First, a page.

Between every two pines is a doorway to the new world. - John Muir

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catsp
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catsp
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PostSun Jan 28, 2024 9:36 am 
Claiming no expertise, it’s entirely possible I don’t understand this anywhere near as well as I think. But I do routinely stay at a Holiday Inn Express when traveling, which I believe renders me fully qualified to offer a take. This opinion is a nothing burger for most. It’s not about the RR right of way (ROW), nor the continued use of that ROW as an interim trail for recreational use after being railbanked. It is simply a case where King County, in a fit of pique, overreached and attempted to steal land from wealthy landowners with a specious argument. (FTR, ordinarily I’m all for stealing land from wealthy landowners. Mange les riches!) In the Washington Constitution, the State asserted its ownership over the shorelands of the state’s navigable waters. It made an exception for those shorelands previously “patented” to others by the federal government, as to which the State disclaimed all claim to or title in. So it appears that this court opinion is narrow to begin with, as it is only dealing with: (i) these specific shoreline type situations; (ii) where before Washington statehood, the federal government had already made a transfer to someone else. In other words, it doesn’t involve every RR ROW. Indeed, I’d say that it doesn’t really even involve this particular RR ROW qua ROW. There were two alternate “ownership” tracks asserted for this property. In one, the State, having “owned” it since statehood, sold it to a developer, and eventually it was sold into the hands of the current wealthy folks (presumably subject to the ROW). In its effort to steal this land, however, KC argued that the US’s grant of a ROW to the RR (before Washington statehood) fell within the scope of the above-referenced disclaimer, so Washington never owned it. And if the State never owed it, it certainly could not have sold it to the developer, who then sold it on to the current “owners.” (We’re not talking about their entire land purchase, just the portion covered by the RR ROW, which is apparently either 100 feet each side of the track, or “up to” 100 feet each side of the track, depending on who you ask.) According to KC, when Washington (purportedly) disclaimed ownership upon statehood, that meant the RR owned the land/shoreland (even though originally the RR had only been granted a ROW/easement). Since KC had subsequently acquired the rights of the RR after various transfers, KC claimed to be the current rightful owner. The narrow issue resolved in the opinion that started this thread was just whether the ROW granted to the RR fell within the exemption the Constitution provided for lands previously “patented” to another. Though “patented” can apparently have more broad or more narrow meaning depending on the circumstances, it appears that WRT US land ownership, it most often means an actual transfer of ownership. Thus, the ROW fell outside the exception, and the State never disclaimed ownership. (Meaning the line of ownership from the State to the current owners remains intact.) Recommended reading: The most interesting part of this is the historical backstory. So the first part of the parties’ respective briefs where they set this out makes for some very interesting reading IMO (owners’ brief, KC brief). The brief filed by the DNR (in support of the landowners) has some interesting tidbits as well.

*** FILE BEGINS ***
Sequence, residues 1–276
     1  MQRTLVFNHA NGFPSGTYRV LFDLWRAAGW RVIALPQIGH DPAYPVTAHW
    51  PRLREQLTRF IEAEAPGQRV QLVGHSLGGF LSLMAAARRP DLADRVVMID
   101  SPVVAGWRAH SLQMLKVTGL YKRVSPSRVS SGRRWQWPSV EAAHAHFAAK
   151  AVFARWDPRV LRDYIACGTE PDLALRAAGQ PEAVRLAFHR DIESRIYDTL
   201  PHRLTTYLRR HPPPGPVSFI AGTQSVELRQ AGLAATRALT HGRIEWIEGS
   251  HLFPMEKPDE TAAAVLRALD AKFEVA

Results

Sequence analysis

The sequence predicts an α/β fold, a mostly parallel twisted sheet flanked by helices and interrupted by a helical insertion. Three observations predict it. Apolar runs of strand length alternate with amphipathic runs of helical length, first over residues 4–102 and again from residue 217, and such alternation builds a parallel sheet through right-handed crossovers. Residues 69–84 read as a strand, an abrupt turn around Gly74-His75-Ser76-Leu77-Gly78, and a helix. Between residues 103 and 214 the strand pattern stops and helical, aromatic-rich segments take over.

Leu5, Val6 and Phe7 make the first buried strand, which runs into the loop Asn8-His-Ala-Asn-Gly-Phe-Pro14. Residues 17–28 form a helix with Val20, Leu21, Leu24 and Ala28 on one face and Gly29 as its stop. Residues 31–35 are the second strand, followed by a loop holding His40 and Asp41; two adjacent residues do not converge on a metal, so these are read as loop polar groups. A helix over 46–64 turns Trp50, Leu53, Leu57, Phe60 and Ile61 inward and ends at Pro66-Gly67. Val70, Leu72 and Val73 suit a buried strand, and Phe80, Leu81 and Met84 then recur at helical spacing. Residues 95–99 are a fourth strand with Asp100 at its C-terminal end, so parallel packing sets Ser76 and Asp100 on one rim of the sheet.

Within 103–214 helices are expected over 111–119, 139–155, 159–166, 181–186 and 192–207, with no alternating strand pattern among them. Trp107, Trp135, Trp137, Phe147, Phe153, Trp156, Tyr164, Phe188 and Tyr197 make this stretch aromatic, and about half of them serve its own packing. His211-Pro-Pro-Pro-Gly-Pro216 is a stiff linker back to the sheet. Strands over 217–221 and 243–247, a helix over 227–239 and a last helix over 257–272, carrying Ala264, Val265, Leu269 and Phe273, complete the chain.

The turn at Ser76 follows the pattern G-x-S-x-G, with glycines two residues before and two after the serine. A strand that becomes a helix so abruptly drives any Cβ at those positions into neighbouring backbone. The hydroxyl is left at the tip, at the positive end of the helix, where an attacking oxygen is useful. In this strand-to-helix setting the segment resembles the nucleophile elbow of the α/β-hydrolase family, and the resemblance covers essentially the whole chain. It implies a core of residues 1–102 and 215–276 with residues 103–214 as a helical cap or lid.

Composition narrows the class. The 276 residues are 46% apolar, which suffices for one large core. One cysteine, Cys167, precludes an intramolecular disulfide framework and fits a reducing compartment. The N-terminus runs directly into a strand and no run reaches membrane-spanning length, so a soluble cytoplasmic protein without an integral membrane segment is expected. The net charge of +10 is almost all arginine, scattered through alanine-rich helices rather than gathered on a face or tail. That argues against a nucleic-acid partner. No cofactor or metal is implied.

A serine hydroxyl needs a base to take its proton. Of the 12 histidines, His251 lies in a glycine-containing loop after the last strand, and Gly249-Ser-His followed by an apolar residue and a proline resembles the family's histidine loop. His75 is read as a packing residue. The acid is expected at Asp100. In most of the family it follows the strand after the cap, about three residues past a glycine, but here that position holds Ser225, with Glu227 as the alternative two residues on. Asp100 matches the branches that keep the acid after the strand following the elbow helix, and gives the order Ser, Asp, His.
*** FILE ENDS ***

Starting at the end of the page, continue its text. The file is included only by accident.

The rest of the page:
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altasnob
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altasnob
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PostSun Jan 28, 2024 9:54 am 
catsp wrote:
It is simply a case where King County, in a fit of pique, overreached and attempted to steal land from wealthy landowners with a specious argument.
I think this is correct. As you pointed out, Washington State Department of Natural Resources filed a brief IN SUPPORT of the wealthy land owners and against King County. Pacific Coast Shellfish Association also filed a brief against King County. I get that the railroad easement still exists after (or regardless of) this decision. But I still don't understand how the bike path is not at risk becuase it's a bike path, and not a railroad. Does the easement protect access for both a railroad and bike path?

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Schroder
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PostSun Jan 28, 2024 9:54 am 
catsp wrote:
This opinion is a nothing burger for most. It’s not about the RR right of way (ROW), nor the continued use of that ROW as an interim trail for recreational use after being railbanked. It is simply a case where King County, in a fit of pique, overreached and attempted to steal land from wealthy landowners with a specious argument. (FTR, ordinarily I’m all for stealing land from wealthy landowners. Mange les riches!)
It seems to be more than that. This may settle some issues of beach and tideland ownership that's been in question for over a hundred years and the court has been avoiding.

Waterman
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catsp
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catsp
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PostSun Jan 28, 2024 12:00 pm 
altasnob wrote:
I get that the railroad easement still exists after (or regardless of) this decision. But I still don't understand how the bike path is not at risk becuase it's a bike path, and not a railroad. Does the easement protect access for both a railroad and bike path?
I believe such use is protected under the "railbanking" mentioned above.